• the circuit being made by the taking of the receiver R from the hook, the amount of currrent flowing through' the microphone N will depend upon its condition. If unpacked, its resistance will be greater, and a correspondinglysmaller current will flow through the coils of the magnet. If the microphone is packed, a greater amount will flow through the magnetcoils and so produce the shock which unpacks the microphone.
  • Fig. 8 in shunt with the secondary the magnet-coils O O shoilld be wound to a comparatively-high resistance and so as to receive a small portion of the current from the secondary. gizes the magnet and so imparts a shock to the microphone, which partially unpacks it, and thereby produces a change in the primary current, which, reacting upon the secondary, affects the coils to produce another shock, and so on.
  • Fig. 9 (shunt with the microphone) the operation is the same as in Fig. 4, the magnetcoils O 0 being wound so as to have their least strength when the microphone is packed, but a sufficient strength to produce something of a shock when the receiver is taken from the hook and their energy increasing as the unpacking progresses.
  • the device in its several forms can also be used in a circuit which is complete at all times-that is, which is not broken by hanging the receiver up as usual-if, for instance,
  • a microphone consisting of non-magnetic granular material held between diaphragms, a telephone-circuit of which the microphone forms a part, and an electromagnet separate from the tele phone receiving-magnet; such electromagnet and the microphone being so connected that changes in the strength of the electromagnet produce a mechanical movement of the gran ular material suflicient to unpack the same; and the sound-receiving chamber of the transmitter being bell-shaped with approaching sides,between which is placed the microphone.
  • a microphone consisting of non-magnetic granular material held between diaph ragms, a telephone-circuit of which the microphone forms a part, and an electromagnet separate from the telephone receiving-magnet; such electromagnet and the microphone being so connected that changes in the strength of the electromagnet produce a mechanical movement ofthe granular material suflicient to unpack the same; the sound-receiving chamber of the transmitter being bell-shaped with approaching sides, between which is placed the microphone; and the electromagnet consisting of two electromagnet-cores attached to opposite sides of the bell-shaped mouthpiece.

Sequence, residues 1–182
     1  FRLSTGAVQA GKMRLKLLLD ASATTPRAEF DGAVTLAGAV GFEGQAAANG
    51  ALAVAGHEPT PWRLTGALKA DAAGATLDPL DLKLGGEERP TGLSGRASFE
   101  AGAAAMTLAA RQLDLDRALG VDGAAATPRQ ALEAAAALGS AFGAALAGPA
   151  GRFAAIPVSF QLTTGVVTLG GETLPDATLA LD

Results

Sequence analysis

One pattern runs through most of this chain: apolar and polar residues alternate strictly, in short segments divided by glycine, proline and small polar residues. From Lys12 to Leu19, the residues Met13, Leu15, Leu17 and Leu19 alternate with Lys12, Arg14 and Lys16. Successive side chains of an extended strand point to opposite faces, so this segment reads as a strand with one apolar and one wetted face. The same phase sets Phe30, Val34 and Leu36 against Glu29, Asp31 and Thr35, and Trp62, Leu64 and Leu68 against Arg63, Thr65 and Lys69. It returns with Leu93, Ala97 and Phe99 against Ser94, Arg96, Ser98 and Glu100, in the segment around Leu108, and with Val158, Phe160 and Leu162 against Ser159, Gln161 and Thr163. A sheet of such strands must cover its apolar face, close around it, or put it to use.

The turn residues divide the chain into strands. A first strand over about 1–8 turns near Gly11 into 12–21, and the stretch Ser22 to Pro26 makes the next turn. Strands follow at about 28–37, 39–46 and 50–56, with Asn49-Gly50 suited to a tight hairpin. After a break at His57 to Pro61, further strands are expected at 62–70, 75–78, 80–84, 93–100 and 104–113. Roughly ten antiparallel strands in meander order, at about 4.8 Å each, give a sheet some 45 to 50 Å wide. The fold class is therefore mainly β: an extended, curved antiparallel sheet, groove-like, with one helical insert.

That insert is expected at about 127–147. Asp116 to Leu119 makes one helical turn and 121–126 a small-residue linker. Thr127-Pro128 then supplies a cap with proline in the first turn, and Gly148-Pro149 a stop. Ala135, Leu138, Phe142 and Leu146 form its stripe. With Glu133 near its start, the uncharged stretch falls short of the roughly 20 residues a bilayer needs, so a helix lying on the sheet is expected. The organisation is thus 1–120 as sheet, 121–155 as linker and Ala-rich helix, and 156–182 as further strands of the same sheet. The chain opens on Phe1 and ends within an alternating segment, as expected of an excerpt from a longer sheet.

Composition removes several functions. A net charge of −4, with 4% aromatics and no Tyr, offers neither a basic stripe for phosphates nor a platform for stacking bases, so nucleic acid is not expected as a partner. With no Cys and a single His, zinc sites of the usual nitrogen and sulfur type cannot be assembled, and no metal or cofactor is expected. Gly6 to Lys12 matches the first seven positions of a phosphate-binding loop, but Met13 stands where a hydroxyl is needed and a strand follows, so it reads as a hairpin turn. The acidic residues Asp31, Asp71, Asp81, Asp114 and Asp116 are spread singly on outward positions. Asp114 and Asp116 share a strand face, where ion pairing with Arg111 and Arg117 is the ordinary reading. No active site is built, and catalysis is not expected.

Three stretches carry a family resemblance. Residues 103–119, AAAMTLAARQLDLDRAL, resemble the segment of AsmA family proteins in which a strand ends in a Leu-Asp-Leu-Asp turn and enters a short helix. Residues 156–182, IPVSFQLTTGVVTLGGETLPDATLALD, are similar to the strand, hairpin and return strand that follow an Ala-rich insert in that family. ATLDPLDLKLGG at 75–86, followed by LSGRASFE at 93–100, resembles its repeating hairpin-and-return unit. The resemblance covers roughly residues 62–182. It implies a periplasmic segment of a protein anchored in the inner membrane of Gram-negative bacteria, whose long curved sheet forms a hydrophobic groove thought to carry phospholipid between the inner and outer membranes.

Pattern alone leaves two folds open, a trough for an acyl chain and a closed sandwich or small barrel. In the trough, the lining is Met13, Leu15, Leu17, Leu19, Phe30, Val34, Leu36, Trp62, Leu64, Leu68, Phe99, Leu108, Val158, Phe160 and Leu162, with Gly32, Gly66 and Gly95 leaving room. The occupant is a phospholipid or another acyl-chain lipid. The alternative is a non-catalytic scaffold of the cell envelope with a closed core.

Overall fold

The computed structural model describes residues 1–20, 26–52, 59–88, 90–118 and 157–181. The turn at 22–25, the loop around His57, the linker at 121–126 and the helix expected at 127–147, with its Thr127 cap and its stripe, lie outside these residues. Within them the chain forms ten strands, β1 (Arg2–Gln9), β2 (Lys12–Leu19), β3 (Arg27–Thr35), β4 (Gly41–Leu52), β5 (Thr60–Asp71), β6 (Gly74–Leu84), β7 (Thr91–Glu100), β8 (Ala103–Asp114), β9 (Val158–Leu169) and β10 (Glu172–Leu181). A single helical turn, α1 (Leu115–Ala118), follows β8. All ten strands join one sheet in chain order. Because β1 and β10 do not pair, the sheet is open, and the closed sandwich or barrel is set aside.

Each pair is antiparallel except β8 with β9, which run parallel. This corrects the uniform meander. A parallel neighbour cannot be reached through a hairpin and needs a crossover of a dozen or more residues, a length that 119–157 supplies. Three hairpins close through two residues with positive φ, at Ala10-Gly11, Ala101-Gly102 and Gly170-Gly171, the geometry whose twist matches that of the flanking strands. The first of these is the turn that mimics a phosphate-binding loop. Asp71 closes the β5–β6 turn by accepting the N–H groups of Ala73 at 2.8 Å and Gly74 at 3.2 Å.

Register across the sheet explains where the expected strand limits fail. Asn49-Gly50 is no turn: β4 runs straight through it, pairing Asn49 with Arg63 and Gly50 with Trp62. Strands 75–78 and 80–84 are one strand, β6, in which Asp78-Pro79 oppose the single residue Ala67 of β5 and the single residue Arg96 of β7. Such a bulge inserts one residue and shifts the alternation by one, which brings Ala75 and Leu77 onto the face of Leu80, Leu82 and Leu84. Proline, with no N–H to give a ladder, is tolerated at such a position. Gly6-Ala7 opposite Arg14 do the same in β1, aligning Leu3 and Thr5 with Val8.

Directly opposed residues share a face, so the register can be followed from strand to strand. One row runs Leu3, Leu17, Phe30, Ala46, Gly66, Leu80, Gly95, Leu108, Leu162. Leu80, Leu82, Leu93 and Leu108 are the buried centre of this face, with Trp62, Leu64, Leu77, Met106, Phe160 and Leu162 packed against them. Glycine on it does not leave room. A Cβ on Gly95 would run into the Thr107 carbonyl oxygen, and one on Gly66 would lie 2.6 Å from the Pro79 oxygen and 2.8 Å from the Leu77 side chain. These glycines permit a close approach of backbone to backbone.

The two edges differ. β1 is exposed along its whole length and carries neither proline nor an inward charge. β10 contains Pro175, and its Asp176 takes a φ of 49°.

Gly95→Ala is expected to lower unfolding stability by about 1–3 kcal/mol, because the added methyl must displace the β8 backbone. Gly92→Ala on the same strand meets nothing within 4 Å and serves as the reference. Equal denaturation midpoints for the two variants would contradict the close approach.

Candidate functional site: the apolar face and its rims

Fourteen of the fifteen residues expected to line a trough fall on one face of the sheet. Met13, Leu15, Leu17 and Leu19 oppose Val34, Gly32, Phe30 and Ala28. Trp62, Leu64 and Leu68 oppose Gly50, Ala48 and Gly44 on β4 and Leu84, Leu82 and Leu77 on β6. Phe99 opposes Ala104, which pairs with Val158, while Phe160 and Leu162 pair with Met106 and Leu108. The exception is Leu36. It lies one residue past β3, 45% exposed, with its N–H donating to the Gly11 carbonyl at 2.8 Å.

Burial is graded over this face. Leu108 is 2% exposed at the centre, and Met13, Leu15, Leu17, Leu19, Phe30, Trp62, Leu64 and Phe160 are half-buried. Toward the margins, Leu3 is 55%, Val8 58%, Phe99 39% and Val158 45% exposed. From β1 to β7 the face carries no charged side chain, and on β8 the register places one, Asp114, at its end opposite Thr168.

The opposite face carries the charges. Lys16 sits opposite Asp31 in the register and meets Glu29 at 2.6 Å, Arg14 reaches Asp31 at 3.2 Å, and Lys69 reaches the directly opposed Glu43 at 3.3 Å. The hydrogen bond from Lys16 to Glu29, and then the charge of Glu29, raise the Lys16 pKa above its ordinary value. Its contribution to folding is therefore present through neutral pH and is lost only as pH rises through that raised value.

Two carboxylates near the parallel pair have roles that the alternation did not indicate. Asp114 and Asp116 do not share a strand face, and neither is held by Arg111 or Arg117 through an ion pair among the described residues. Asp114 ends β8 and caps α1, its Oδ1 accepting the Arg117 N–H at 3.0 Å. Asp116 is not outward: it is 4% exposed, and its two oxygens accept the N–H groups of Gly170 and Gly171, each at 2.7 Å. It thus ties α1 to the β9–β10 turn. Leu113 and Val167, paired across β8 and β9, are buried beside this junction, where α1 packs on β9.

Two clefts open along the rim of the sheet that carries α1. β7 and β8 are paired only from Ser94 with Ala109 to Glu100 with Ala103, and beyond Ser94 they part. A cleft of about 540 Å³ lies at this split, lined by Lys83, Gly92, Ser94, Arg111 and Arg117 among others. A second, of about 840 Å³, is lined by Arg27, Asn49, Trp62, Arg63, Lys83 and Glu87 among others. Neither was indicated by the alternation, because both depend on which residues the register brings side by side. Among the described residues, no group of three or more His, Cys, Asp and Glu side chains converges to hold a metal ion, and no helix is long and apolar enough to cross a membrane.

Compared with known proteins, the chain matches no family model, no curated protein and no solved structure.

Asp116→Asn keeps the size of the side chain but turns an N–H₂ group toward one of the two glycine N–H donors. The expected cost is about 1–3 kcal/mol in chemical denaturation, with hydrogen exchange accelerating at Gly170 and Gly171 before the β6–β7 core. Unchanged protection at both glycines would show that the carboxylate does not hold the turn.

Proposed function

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  • Physics & Mathematics (AREA)
  • Engineering & Computer Science (AREA)
  • Acoustics & Sound (AREA)
  • Signal Processing (AREA)
  • Telephone Set Structure (AREA)

Description

No. 644,56l. Patented Feb. 27, I900.
E. B. FAHNESTOCK.
-M|CROPHONE.
(Appliation filed Mar. 1, 1899.) N o M ed e I.)
2 Sheets-Sheet wffmw.
THE Noam PETERS co. PHOTO-LYING" WASHINGTON. 0. cv
No. 644,56l. Patented Feb. 27, I900. E. B. FAHNESTOCK.
MICROPHONE.
(Application filed Mar. 1, 1899.) (No Model.)
2 Sheets-Sheet 2.
rm: nonms PETERS cu. PHQYQLIYHQ. WASHINGTON, 0. cv
,trict of Columbia, have invented certain new UNITE STATES PATENT OFFICE.
ERNEST B. FAHNESTOCK, OF WASHINGTON, DISTRICT OF COLUMBIA.
MICROPHONE;
SPECIFICATION forming part of Letters Patent No. 644,561, dated February 2'7, 1906;
Application filed March 1, 1899.
To aZZ whom it may concerto.-
Beit known that I, ERNEST B. FAHNESTOOK, a citizen of the United States of America, and a resident of the city of Washington, Disand useful Improvements in Microphones, of which the following, taken with the accompanying drawings on two sheets, is a description.
My invention relates to that form of microphone which uses powdered carbon or equivalent material, and has for its main object the unpackingof the powdered material and keeping it continually in an unpacked condition.
It consists in general of an electromagnetic device arranged to move or vibrate some portion of the microphone-case which incloses the powdered material and by this means to loosen it and place it in an unpacked condition it it has become packed. It is applicable to all situations in which the microphone is or may be used in connection with an electrical circuit, to transmitters, to telephone-relays, &c. butin the drawings I have shown it applied to transmitters only.
The principle of the device is applicable to any form of transmitter, and the operatingelectromagnet may be energized in a variety of ways, either from a special circuit of its own or as a part of the line-circuit or as a part of the local circuit where an inductioncoil is used. It may also be operated in series with the microphone, in shunt with the microphone, in shunt with the line, &c. A variety of these difterent applications are illustrated in the drawings.